Evidence-Based Methods

Our program hinges around the 12-Step Minnesota Model, a therapeutic model that involves a thorough and ongoing client assessment and multiple therapeutic approaches, delivered by a team of counsellors, coaches, psychologists and nurses. The primary goals are lifetime abstinence from alcohol and drugs, and achieving a fulfilling future.

We use evidence-based methods derived from established psychological principles. These include:

Group therapy

Group therapy or ‘Group’ is a highly effective evidence-based methods form of psychotherapy which allows people in drug or alcohol recovery to share their stories and reflect on the stories of others. It is a supportive environment that allows you to explore new ways of thinking in a safe environment, reduce feelings of isolation, learn and grow.

Individual therapy

Individual therapy consists of one-on-one therapy sessions with a formally trained and highly experienced rehabilitation therapist. It allows you to work on overcoming challenges to wellness which might be too uncomfortable to share in a group setting, and address the complex psychological issues associated with addiction.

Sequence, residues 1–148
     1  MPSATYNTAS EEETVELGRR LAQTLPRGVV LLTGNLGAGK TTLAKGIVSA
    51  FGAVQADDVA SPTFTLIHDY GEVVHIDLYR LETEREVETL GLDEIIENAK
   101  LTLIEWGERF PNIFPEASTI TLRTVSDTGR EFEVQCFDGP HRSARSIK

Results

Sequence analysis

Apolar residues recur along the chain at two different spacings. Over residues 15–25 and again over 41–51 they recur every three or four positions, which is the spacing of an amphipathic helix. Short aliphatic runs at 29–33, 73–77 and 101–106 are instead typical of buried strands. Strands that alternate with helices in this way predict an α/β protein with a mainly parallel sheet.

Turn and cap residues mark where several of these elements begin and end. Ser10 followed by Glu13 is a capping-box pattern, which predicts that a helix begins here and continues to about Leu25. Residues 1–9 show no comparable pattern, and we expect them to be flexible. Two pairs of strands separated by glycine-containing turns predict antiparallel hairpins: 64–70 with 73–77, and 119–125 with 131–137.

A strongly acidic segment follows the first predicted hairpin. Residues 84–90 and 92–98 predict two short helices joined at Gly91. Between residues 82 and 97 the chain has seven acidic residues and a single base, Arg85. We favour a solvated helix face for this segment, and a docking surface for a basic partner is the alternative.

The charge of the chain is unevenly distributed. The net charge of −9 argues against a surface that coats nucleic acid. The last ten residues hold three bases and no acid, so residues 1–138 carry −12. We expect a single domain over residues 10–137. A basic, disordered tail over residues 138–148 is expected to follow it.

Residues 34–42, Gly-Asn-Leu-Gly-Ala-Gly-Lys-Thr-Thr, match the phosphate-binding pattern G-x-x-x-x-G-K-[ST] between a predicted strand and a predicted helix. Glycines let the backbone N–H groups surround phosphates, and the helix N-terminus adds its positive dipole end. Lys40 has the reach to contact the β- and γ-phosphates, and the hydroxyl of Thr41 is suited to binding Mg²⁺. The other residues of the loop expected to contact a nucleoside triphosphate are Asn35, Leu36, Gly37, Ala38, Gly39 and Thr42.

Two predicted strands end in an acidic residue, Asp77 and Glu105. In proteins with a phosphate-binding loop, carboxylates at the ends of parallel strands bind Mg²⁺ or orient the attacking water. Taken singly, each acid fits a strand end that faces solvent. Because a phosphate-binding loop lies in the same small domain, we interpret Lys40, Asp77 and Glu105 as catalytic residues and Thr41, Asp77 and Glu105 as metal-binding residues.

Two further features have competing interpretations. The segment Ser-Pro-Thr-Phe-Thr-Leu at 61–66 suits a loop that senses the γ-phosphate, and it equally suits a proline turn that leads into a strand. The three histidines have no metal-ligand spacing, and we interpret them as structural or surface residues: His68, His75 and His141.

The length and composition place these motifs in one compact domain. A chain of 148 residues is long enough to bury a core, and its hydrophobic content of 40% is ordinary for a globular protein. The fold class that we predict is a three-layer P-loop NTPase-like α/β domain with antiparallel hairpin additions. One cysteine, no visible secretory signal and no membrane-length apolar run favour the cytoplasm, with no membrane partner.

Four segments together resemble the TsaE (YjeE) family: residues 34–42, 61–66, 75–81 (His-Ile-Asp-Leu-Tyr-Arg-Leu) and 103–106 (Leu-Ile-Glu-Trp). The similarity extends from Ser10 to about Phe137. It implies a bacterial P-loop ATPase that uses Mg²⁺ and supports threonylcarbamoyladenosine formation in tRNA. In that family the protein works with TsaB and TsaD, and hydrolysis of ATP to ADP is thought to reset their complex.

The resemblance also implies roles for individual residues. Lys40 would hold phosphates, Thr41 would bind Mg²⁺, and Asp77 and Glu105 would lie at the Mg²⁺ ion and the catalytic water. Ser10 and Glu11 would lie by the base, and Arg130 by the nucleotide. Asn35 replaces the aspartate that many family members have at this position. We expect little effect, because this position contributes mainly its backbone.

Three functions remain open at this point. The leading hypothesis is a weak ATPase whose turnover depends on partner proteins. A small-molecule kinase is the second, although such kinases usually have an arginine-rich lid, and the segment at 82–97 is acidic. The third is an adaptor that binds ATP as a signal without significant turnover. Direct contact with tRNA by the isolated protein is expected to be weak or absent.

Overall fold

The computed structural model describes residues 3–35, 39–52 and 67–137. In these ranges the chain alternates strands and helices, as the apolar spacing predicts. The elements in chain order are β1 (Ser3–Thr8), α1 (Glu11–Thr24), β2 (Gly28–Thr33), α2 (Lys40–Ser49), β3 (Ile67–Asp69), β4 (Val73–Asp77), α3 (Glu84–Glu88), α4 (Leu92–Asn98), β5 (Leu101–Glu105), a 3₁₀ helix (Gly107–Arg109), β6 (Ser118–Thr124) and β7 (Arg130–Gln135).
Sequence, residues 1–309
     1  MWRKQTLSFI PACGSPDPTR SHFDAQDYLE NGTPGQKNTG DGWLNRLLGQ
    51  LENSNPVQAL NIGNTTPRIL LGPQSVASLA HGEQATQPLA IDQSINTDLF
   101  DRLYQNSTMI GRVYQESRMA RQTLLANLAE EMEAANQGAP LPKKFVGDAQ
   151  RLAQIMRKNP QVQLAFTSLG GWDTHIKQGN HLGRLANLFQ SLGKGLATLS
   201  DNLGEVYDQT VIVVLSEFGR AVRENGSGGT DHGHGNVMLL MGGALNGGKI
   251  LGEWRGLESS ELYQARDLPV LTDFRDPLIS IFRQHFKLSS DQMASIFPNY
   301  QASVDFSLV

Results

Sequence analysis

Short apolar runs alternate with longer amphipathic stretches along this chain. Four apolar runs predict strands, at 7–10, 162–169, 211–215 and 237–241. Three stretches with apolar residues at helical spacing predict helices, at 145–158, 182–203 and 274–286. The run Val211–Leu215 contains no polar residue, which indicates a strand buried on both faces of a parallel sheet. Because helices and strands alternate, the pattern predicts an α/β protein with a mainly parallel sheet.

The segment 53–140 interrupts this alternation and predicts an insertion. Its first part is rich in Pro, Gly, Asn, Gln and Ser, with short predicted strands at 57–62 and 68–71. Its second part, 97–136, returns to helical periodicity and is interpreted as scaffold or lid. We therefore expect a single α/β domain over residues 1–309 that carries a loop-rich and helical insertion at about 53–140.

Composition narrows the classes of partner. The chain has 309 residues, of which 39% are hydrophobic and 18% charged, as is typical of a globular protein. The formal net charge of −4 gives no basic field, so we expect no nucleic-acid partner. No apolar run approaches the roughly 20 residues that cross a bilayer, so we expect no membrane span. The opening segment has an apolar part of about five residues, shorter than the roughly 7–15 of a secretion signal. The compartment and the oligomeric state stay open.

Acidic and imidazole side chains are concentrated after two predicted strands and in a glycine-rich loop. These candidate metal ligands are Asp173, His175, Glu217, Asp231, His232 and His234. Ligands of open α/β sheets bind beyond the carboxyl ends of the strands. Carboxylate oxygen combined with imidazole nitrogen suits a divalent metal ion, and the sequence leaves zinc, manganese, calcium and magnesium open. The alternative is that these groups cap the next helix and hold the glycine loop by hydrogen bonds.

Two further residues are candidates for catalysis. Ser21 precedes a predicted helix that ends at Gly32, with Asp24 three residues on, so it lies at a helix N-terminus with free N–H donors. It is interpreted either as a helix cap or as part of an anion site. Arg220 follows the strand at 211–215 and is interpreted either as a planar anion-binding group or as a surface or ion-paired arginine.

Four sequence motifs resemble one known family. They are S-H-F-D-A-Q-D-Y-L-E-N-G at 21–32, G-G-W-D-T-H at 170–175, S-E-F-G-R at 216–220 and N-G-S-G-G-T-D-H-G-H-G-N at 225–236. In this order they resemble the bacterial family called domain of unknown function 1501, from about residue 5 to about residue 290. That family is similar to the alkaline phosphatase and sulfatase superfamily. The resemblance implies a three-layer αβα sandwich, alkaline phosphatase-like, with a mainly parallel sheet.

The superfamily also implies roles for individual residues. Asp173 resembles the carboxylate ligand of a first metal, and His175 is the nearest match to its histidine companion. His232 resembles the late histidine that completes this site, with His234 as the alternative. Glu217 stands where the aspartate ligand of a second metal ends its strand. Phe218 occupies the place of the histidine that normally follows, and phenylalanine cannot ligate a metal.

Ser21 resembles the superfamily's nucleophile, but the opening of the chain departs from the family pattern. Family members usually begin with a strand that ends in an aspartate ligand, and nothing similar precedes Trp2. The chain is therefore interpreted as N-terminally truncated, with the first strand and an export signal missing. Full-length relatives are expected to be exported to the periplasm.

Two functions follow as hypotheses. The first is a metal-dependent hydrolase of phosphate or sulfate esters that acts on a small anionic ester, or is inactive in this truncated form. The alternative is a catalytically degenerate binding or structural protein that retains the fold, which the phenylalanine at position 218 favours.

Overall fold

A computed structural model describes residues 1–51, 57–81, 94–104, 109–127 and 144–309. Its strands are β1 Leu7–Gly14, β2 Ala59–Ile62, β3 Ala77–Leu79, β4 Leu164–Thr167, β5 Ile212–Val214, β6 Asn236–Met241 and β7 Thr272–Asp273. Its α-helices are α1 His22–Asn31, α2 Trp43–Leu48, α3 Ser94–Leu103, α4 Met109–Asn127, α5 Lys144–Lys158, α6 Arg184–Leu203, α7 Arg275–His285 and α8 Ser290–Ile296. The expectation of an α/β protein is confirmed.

Cognitive Behavioural Therapy (CBT)

Cognitive Behavioural Therapy (CBT) is a proven method of changing the way you think and behave in certain situations. It is based on the concept that your thoughts, emotions and actions are intertwined, and is a powerful and positive tool when it comes to breaking a vicious cycle of substance abuse. CBT is about finding practical ways to improve your life on a daily basis.

Narrative therapy

Narrative therapy is a non-pathologising method of therapy that attempts to give you some distance from your issues and create perspective through the expression of personal stories. This kind of therapy encourages objectivity within the context of your wider society, politics and culture.

Motivational Interviewing (MI)

Motivational Interviewing (MI) is both goal-oriented and client-centric. Through MI, clients learn ways of avoiding high-risk behaviours and resolving conflicting reactions or beliefs. It also increases the likelihood of a person staying longer in a drug and alcohol rehab program  –a strong indicator of eventual success.


Mindfulness is based on ancient meditation traditions, and is designed to help you deal with life’s challenges by increasing your awareness of the present moment while acknowledging and accepting your feelings, thoughts, and bodily sensations.

Acceptance and Commitment Therapy (ACT)

Acceptance and Commitment Therapy (ACT) is a therapeutic tool which encourages an acceptance of what is out of your personal control, and focuses on what you can actually do to improve your life. It teaches you how to effectively deal with painful thoughts and feelings, and helps you pinpoint what is truly important to you.


Meditation, also part of evidence-based methods, is a mental exercise in which a person focuses on breathing, an object or a sound, in order to increase awareness of the present and bring about spiritual growth.